Tag Archives: red fir

My view is deep.

pearly everlasting

 

DAY 4: I set out walking alone before breakfast, for back therapy. Yarrow and pearly everlasting flowers line the road, which has recently been resurfaced in places with granite gravel in 2-4 inch chunks. Yesterday when Scout and Ivy walked back from the lake they stopped their father every few feet to exclaim about a new piece that they had picked up, with unique sparkles or shape.

On return, I fry a pound of bacon, because you always have to do that in the mountains when you’re in a cabin where the bears can’t get at you. Scout and Ivy grab a crispy slice in one hand and a pile of blueberries in the other, and go out on the deck to play, waiting interminably it seems for the adults to do something besides talk – like take them out in the boats.

While the other adults are still making plans I decide to walk again, and take Scout with me. We head down to the lake and on the way he schools me in conifers, showing me red firs and lodgepole pines (aka tamarack, his father tells me), the most numerous tree species in this area.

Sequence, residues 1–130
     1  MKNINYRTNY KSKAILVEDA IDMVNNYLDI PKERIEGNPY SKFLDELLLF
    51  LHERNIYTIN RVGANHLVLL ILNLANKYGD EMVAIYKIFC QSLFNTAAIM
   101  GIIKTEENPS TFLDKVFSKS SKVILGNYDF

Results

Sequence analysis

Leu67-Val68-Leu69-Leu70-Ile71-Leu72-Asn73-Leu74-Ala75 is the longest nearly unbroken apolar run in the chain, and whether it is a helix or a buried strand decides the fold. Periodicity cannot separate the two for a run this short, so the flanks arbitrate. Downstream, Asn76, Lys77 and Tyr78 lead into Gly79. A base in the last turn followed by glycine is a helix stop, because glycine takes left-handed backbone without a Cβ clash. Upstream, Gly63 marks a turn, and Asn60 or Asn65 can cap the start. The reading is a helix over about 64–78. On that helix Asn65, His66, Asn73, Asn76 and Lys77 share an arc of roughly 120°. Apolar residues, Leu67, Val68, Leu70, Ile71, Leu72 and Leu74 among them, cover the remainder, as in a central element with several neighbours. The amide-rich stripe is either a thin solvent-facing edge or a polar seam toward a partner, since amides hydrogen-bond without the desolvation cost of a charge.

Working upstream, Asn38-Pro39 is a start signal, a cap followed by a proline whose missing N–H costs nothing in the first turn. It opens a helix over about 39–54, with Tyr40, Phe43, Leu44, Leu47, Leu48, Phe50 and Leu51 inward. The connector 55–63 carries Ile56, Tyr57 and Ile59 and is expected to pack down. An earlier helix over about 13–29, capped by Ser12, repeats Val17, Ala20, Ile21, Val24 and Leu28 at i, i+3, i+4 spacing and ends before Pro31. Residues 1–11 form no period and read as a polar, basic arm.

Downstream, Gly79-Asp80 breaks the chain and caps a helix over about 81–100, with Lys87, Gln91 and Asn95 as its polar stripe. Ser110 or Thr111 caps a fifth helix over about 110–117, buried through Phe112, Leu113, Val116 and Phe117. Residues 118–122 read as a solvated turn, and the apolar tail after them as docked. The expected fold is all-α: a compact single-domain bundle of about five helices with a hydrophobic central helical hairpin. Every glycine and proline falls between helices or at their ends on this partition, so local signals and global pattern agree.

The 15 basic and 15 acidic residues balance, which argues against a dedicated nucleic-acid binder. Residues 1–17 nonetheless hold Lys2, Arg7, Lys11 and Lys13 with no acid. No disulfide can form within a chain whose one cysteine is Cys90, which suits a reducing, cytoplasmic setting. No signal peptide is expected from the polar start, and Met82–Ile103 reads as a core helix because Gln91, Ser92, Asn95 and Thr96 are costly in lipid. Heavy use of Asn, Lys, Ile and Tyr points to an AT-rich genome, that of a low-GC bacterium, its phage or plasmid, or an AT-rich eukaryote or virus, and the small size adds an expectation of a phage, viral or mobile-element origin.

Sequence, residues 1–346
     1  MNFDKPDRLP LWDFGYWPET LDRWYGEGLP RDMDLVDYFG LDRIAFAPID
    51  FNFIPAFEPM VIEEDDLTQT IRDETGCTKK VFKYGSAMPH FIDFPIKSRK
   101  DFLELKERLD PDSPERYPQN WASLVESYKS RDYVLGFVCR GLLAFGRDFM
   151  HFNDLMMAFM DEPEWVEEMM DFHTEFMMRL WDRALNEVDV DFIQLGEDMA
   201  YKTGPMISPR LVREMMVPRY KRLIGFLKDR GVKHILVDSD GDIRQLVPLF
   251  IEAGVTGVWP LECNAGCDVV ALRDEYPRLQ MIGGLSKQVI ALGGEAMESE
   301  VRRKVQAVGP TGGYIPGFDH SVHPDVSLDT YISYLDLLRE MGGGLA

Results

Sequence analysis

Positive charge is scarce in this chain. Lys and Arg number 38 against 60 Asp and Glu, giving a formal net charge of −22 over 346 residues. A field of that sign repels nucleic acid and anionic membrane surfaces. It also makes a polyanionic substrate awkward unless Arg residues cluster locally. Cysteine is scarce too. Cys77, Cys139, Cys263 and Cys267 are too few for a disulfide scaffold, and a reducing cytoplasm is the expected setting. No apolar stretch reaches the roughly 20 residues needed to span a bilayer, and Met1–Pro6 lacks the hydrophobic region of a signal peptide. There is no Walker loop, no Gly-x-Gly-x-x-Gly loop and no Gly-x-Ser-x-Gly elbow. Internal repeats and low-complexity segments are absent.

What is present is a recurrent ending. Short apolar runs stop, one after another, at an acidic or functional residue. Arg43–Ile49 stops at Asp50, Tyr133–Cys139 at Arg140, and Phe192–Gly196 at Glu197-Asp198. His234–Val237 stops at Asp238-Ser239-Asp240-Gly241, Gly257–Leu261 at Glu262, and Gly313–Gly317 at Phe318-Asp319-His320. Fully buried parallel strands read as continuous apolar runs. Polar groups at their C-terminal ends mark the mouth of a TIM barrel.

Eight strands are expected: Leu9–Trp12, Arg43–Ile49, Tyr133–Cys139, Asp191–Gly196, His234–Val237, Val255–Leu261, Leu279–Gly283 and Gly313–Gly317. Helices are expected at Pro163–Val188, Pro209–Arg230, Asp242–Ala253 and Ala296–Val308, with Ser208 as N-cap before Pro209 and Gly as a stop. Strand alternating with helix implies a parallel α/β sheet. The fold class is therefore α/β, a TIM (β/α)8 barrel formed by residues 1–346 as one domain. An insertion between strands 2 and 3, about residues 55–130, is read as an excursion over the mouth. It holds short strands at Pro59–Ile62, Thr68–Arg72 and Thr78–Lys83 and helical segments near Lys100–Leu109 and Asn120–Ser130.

lodgepole pine with red fir behind

As we come up through the forest behind the cabin, I check on the puffball I saw last month — remember, it looked like this:

— and it has puffed itself and exploded into a pile of cocoa powder:

When the canoeing group finally embarks paddles in hand, two-year-old Jamie and I remain in the cabin. This is the first time I’ve ever taken care of him alone. We play with dominoes, and read Machines at Work a dozen times while eating nuts that he holds in little bowl on his lap.

Tonight Pippin, understanding how much star-gazing means to me, does most of the work to set up the chaise lounge on the deck. Mice have demolished the pad so she makes a sort of mattress with blankets and Thermarest pads. Soon all the lights in the cabin are extinguished, the family are in their beds, and I stretch out in the dark darkness, flat on my back staring up.

Black tops of the lodgepole pines ring the patch of sky like a wreath. My view of the heavens is not wide, but it is deep. The first thing that happens is that I feel the stars’ presence like angels hovering over me, and I almost begin to weep. I think about what my friend Art said, that the sky is not empty, but full of angels, and try to remember if that was a reason that C.S. Lewis wanted to call his trilogy not The Space Trilogy but Deep Heaven. Space sounds empty, but like all of Creation, it is filled with God’s presence.

The fullness is overwhelming, but soothing. Cool air blows on my face. I drink and am strengthened. After a long time I carry my sleeping bag into the cabin and soon am sailing into dreamland like Wynken, Blynken and Nod.

Next day’s entry is HERE.